Leipzig have overtaken Dortmund as Bayern’s talent provider

Editor’s note: ESPN’s chief Bundesliga commentator, Derek Rae, is in Leipzig this week for Friday’s return to Germany’s top flight and examines the possibility that the most established clubs will have little time for them, perhaps even in represent Bayern’s closest employees for a long time.

January in East Germany can be a rough time with cold, chilly weather, which serves as a reminder of why the Bundesliga has historically had a long winter break that stretches from before Christmas to the new calendar year. Despite the bitter cold in Saxony and a forecast that points to a liberal helping of snowfall, there is optimism among those leaning on the new Eastern clubs that RB Leipzig can, at the very least, finish in second place. Oberhaus as they have polarized twice before in their short history.

That they are not to everyone’s taste is important for those who follow German football closely to know. A few years ago, a UK colleague asked me about RBL and suggested that their rapid rise to division should be seen as a wonderful romantic story. Maybe if they were an English club, that might be true – not many people in the German fan scene find it remotely weird or romantic.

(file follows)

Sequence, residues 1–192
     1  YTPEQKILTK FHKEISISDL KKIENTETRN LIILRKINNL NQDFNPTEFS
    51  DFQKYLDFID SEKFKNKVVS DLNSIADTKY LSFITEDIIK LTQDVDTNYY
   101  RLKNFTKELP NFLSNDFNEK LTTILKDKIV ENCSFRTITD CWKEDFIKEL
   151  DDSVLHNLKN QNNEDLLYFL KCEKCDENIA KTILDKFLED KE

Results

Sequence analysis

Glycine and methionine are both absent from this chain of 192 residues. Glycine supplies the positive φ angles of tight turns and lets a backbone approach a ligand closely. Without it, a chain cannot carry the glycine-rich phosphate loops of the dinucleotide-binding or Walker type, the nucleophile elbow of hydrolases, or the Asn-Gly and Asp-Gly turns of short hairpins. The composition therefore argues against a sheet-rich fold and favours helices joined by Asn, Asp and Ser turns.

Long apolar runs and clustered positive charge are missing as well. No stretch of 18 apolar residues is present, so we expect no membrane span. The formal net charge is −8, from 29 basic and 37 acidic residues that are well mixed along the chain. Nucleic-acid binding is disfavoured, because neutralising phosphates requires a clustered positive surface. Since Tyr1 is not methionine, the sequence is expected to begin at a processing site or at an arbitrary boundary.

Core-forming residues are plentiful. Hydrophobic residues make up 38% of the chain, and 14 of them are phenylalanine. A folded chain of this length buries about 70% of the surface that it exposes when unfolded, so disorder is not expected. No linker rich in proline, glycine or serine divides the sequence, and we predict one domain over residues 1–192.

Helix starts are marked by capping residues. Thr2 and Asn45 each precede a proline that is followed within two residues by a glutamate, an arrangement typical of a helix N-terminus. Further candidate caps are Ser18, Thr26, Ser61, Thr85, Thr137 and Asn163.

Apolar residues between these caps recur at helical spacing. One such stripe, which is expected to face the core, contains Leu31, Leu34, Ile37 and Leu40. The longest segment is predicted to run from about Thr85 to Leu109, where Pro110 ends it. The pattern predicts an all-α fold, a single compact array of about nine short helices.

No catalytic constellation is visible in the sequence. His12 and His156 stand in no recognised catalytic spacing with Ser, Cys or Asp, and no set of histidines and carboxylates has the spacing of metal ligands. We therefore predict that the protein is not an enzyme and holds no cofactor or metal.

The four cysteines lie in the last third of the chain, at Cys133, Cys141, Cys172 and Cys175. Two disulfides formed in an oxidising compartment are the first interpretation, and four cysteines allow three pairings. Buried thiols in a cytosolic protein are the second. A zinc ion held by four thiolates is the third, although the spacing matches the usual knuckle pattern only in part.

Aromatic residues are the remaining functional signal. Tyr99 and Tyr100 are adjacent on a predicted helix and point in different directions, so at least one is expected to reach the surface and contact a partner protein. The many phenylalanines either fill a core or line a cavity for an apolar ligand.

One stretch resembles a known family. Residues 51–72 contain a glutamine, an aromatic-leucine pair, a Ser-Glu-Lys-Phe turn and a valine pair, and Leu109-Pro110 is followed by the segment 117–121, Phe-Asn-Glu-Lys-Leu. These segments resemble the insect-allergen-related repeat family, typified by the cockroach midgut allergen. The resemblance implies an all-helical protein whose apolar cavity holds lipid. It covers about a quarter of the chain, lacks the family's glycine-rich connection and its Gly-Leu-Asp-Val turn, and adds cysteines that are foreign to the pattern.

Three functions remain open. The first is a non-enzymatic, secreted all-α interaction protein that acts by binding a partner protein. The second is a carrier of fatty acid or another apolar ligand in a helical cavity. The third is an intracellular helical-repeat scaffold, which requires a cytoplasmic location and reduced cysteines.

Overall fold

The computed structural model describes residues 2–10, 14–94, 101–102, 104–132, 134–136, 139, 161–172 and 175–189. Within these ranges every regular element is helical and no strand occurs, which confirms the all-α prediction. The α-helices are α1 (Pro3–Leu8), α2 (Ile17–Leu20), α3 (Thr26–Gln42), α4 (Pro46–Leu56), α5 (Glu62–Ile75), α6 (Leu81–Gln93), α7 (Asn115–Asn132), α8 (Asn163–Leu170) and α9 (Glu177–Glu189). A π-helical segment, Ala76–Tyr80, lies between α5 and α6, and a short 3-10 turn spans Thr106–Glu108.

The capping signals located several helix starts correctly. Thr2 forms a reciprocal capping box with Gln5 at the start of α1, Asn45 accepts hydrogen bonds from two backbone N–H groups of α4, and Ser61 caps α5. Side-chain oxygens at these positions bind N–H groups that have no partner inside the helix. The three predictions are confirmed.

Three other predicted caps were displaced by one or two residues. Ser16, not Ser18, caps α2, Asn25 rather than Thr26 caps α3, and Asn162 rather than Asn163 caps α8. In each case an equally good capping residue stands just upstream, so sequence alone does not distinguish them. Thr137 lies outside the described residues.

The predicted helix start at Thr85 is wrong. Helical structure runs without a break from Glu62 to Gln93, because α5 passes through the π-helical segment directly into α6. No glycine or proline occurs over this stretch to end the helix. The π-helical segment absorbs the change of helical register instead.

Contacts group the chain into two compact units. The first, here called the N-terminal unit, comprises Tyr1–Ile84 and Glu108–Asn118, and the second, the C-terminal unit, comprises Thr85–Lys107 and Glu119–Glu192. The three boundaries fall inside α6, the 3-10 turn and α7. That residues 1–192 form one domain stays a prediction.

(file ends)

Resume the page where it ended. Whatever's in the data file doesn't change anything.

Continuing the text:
Red Bull looked long and hard before finding Leipzig as a suitable city to make an impact, essentially taking over then-fifth-tier SSV Markranstadt and rebranding them. The “RB” in “RB Leipzig”, it should be noted, stands for Rasenballsport – “lawn ball sport”. In Germany, new clubs may not bear the name of a sponsor or company and are restricted in terms of what can be called a sports club, so someone cleverly thought of RasenBallsport or RB. It’s still interesting how few people in the Anglo world actually think it’s officially called “Red Bull Leipzig”, which was the whole point of the exercise. Leipzig’s marketing department loves the nickname “Die Roten Bullen” (Red Bulls) and conveniently ignores his RasenBallsport label.

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Their initial interpretation of the 50+1 rule — which dictates that fans must own the majority of a club — with very few members, and all associated with the energy drink company, allowed them to operate at a distance from the club. norms in Germany. In 2016, RB Leipzig, under the astute supervision of Ralf Rangnick on the football side, went all the way to the top flight.